‘Pathologizing’ means to regard someone or something as so statistically abnormal that they require accommodations or treatment to function normally in society. Some have argued that, by creating a diagnosis like PMDD that by definition can only be diagnosed in females or individuals assigned female at birth (AFAB), or creating a diagnosis related to the natural cycle of ovulation and menstruation, that we pathologize the normal “female experience”. We do not believe that this is the case.
While a majority of women/AFAB experience a range of mild premenstrual symptoms including bloating, breast tenderness, and/or mild emotional changes, for 19 out of 20 women/AFAB these symptoms don’t interfere with daily function and don’t need treatment or intervention.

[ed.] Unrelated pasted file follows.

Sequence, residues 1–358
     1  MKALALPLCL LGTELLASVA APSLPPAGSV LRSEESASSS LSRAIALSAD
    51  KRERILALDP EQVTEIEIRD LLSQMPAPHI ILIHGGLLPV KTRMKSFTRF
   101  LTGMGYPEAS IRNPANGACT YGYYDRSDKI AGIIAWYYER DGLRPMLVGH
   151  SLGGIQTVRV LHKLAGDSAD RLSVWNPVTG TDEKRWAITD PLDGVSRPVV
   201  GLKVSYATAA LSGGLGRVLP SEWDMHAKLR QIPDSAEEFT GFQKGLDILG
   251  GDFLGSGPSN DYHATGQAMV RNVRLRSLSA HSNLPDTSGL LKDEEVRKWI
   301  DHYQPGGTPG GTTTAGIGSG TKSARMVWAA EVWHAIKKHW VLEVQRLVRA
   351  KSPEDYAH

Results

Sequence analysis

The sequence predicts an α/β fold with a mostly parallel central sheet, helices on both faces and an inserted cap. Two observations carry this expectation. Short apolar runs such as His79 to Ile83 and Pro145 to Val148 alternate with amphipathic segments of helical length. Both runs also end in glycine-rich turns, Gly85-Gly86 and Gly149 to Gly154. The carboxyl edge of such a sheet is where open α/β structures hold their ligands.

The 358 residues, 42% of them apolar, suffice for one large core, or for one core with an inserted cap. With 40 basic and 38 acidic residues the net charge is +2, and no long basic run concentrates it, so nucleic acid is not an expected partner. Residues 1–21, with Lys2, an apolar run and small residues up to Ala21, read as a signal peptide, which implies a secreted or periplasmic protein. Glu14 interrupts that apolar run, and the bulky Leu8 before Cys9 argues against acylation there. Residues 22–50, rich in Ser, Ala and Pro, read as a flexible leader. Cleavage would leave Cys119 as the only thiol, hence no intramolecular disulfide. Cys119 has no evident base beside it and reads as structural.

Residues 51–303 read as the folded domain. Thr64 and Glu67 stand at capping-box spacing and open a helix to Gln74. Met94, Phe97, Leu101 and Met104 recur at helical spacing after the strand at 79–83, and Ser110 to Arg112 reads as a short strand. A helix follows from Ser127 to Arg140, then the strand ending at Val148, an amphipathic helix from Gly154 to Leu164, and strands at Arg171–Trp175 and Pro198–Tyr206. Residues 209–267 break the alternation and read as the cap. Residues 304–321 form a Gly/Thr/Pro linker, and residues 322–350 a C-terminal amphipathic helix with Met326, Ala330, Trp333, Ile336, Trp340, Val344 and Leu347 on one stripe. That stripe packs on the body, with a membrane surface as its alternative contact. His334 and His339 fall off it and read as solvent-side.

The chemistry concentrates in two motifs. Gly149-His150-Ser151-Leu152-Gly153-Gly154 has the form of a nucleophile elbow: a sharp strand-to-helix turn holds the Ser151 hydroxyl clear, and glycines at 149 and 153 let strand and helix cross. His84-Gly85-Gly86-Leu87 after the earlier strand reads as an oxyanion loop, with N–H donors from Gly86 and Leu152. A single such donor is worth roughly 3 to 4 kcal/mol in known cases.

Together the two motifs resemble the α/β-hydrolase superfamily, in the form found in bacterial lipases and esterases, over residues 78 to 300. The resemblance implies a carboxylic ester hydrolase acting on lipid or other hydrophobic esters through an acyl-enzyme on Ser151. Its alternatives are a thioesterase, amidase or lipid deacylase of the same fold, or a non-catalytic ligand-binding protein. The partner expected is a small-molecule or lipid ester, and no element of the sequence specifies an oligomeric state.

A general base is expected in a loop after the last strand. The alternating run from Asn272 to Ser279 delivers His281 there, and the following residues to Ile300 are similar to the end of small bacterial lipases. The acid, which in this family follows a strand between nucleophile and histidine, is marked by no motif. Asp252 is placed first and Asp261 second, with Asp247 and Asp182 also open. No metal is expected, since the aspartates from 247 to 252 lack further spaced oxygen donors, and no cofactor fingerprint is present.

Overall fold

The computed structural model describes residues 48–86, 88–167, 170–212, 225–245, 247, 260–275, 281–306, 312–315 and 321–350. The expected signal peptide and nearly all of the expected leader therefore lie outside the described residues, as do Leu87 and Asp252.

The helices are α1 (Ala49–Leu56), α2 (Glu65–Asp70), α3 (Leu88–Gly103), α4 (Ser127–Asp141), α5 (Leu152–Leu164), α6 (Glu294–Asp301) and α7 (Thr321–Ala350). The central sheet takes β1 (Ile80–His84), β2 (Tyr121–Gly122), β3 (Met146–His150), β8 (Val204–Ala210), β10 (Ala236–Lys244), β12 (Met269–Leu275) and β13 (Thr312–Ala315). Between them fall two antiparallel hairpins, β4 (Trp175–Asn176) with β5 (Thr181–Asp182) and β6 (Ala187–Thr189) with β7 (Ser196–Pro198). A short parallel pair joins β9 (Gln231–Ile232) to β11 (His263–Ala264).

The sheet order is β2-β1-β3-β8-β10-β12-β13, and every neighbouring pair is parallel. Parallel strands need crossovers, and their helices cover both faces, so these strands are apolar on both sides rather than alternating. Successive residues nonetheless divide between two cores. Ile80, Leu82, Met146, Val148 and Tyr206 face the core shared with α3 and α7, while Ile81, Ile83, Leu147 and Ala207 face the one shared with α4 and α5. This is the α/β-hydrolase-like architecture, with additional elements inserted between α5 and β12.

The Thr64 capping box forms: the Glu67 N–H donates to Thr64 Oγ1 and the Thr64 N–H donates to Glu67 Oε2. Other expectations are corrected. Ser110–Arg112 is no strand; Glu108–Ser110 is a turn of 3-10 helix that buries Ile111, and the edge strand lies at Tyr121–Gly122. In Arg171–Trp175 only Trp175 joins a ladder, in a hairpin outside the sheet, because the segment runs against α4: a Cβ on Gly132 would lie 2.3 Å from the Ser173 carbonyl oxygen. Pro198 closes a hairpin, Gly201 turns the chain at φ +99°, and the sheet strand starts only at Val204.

However, an estimated 1 in 20 women/AFAB of reproductive age experience severe cyclical symptoms that disrupt their quality of life (PMDD). This condition is not a “normal” part of the menstrual cycle, and needs to be “pathologized” so that sufferers can be correctly diagnosed, supported, and treated.
In conclusion, creating a specific diagnosis like PMDD effectively de-pathologizes the normal female experience (the 19 out of 20 cycling individuals that don’t have PMDD). By directly identifying those suffering from this medical condition (the 1 out of 20 with PMDD) we de-bunk the stereotype that all females are “over-emotional” or “simply hormonal” when irritable, concerned, or upset.
By acknowledging the presence of PMDD, we actually reject the idea that all females are impaired by their cycle.
-Tory Eisenlohr-Moul, PhD & Amanda LaFleur, December 18, 2018